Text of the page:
The anatomy of scientific fraud

Hardly a day goes by without the media reporting the results of recent scientific research into our health and well-being. Sometimes these news items (the three examples linked below are all taken from the recent issues of New Zealand Herald) appear perfectly reasonable:

Exercising cuts risk of breast cancers – scientists

Women aged 50-plus urged to do at least five hours of exercise a week.

sometimes they sounds a bit puzzling:

Bad moods ‘make sugary foods taste less sweet’ – study

Our emotions affect flavour and can dull the sweetness of sugary foods, according to a study. The research also found sour foods taste even more sour when you’re feeling down.

and sometimes downright weird :

Drinking orange juice may raise risk of skin cancer – research

Drinking just two glasses of orange juice a day could increase your risk of getting the deadliest form of skin cancer.

The study reported in the screenshot below falls between puzzling and weird but otherwise does not look out of the ordinary:

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So what – eating chocolate can aid weight loss and has a number of other health benefits. If drinking orange juice can cause skin cancer then the chocolate study findings do not strike as particularly suspect. This, however, was not your normal scientific study but rather a sting operation. It was carried out by a journalist John Bohannon who set out to prove that it is possible to publish a paper based on seriously flawed research in scientific journals and that mainstream media will report these findings as fact.

I Fooled Millions Into Thinking Chocolate Helps Weight Loss. Here’s How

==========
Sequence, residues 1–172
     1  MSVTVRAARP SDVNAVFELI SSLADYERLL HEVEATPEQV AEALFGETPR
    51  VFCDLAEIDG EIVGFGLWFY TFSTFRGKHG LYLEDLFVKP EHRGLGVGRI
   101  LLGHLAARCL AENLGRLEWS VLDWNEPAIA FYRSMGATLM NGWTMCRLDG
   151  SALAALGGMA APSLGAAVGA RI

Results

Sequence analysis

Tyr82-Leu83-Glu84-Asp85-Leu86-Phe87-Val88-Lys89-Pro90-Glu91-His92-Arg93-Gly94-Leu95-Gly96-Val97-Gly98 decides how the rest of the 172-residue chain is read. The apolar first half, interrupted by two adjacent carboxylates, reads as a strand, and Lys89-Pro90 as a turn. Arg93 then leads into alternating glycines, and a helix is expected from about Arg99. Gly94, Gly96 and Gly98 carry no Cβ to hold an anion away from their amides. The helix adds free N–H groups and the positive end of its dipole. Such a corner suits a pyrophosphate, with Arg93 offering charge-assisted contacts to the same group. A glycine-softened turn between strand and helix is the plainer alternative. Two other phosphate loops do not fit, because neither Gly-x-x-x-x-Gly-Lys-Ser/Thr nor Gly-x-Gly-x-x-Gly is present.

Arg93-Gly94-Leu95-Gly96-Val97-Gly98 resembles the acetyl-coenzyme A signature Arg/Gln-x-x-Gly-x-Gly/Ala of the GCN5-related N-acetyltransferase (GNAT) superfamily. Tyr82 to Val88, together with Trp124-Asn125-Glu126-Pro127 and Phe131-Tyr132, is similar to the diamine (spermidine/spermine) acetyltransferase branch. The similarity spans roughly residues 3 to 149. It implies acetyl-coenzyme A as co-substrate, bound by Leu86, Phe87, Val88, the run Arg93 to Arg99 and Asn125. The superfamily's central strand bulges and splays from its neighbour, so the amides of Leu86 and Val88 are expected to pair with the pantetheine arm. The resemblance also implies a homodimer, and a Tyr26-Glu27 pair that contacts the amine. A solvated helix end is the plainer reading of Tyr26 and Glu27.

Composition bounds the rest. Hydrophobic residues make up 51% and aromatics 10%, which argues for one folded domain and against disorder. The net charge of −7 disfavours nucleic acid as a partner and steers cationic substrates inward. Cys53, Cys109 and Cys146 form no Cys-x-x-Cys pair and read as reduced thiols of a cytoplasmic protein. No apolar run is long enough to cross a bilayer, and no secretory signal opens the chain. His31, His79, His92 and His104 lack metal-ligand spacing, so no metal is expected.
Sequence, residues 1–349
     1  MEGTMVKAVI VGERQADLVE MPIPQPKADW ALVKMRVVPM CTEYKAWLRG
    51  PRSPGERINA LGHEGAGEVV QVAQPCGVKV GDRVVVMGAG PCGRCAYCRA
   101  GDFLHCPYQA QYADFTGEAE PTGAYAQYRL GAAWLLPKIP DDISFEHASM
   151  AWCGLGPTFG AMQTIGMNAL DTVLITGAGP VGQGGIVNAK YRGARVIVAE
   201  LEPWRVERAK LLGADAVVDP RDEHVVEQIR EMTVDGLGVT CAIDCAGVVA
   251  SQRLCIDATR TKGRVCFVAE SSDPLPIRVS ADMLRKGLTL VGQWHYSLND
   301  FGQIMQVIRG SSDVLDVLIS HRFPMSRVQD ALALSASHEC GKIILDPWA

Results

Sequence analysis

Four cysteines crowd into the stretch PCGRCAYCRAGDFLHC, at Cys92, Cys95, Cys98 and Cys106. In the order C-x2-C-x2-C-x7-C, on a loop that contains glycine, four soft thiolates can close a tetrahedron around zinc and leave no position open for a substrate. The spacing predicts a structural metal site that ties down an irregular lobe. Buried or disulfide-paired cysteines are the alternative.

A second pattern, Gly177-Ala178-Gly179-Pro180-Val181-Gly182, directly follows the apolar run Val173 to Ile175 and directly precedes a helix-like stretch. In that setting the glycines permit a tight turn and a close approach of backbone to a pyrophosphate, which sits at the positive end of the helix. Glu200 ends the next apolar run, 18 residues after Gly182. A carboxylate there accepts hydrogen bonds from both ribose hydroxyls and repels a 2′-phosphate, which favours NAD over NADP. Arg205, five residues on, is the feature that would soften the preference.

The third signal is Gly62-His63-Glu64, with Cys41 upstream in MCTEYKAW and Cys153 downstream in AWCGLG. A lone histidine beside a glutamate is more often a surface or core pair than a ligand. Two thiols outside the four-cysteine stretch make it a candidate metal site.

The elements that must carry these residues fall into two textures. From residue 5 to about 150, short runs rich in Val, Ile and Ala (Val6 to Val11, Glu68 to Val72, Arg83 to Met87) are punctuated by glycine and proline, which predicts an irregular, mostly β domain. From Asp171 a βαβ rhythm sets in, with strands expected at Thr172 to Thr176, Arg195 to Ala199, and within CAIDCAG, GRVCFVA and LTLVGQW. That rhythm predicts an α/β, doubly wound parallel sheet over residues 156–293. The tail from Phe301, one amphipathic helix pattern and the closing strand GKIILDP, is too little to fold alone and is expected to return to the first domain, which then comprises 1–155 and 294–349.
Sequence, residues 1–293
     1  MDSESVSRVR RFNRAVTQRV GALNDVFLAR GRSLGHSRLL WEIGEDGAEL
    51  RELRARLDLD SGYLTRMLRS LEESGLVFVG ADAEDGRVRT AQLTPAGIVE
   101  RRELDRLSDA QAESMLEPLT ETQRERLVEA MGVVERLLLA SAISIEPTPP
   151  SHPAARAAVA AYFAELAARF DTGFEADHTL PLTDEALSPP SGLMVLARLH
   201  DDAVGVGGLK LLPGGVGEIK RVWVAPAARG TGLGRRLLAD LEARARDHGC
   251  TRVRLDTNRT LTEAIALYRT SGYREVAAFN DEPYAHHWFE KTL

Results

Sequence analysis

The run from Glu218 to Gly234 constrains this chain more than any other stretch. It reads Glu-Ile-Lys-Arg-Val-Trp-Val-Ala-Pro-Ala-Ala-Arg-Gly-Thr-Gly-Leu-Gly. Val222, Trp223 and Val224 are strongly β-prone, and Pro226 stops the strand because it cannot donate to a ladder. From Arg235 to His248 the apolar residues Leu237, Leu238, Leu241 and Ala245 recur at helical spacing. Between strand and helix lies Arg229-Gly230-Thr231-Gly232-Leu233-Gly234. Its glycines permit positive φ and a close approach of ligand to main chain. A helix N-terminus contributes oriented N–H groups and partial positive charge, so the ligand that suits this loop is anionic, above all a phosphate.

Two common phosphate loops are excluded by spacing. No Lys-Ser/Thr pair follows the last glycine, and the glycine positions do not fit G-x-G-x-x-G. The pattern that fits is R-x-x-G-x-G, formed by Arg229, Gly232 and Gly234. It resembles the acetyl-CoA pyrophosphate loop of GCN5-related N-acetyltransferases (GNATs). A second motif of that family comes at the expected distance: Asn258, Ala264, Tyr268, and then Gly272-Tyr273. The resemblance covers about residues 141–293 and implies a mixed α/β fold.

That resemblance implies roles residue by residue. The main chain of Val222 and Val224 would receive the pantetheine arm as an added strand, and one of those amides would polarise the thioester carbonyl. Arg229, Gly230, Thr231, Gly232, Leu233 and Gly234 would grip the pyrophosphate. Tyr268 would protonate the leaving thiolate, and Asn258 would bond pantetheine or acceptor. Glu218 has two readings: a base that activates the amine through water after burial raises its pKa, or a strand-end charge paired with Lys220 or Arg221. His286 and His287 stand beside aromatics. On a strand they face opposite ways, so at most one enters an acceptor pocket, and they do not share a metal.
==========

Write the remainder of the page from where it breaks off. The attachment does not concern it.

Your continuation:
You might think that Mr Bohannon had falsified the results the paper was based on. It would be very difficult to detect outright fraud like this but this is not what had happened. The study had really been carried out and its results reported truthfully. The paper is a joke not because Mr Bohannon lied but because the statistical methods employed were flawed and no one picked it up:

Here’s a dirty little science secret: If you measure a large number of things about a small number of people, you are almost guaranteed to get a “statistically significant” result. Our study included 18 different measurements—weight, cholesterol, sodium, blood protein levels, sleep quality, well-being, etc.—from 15 people. (One subject was dropped.) That study design is a recipe for false positives.

Think of the measurements as lottery tickets. Each one has a small chance of paying off in the form of a “significant” result that we can spin a story around and sell to the media. The more tickets you buy, the more likely you are to win. We didn’t know exactly what would pan out—the headline could have been that chocolate improves sleep or lowers blood pressure—but we knew our chances of getting at least one “statistically significant” result were pretty good.

So they recorded 18 different physiological measurements but only reported the ones catchy enough to make the headlines and – because of the statistical variation caused by a small study population – they were always going to get some statistically significant results to report. Very clever.

According to the publisher of the Health News Review, Gary Schwitzer:

“[John Bohannon is] really only scratching the surface of a much broader, much deeper problem,” Schwitzer says. “We have examples of journalists reporting on a study that was never done. We have news releases from medical journals, academic institutions and industry that mislead journalists, who then mislead the public.” And the pressure to publish or perish, he says, can lead well-intentioned scientists to frame their work in ways that aren’t completely accurate or balanced or supported by the facts. “We are really mired in a mess, the boundaries of which few people really have a sense for,” says Schwitzer.

Chocolate, anyone?

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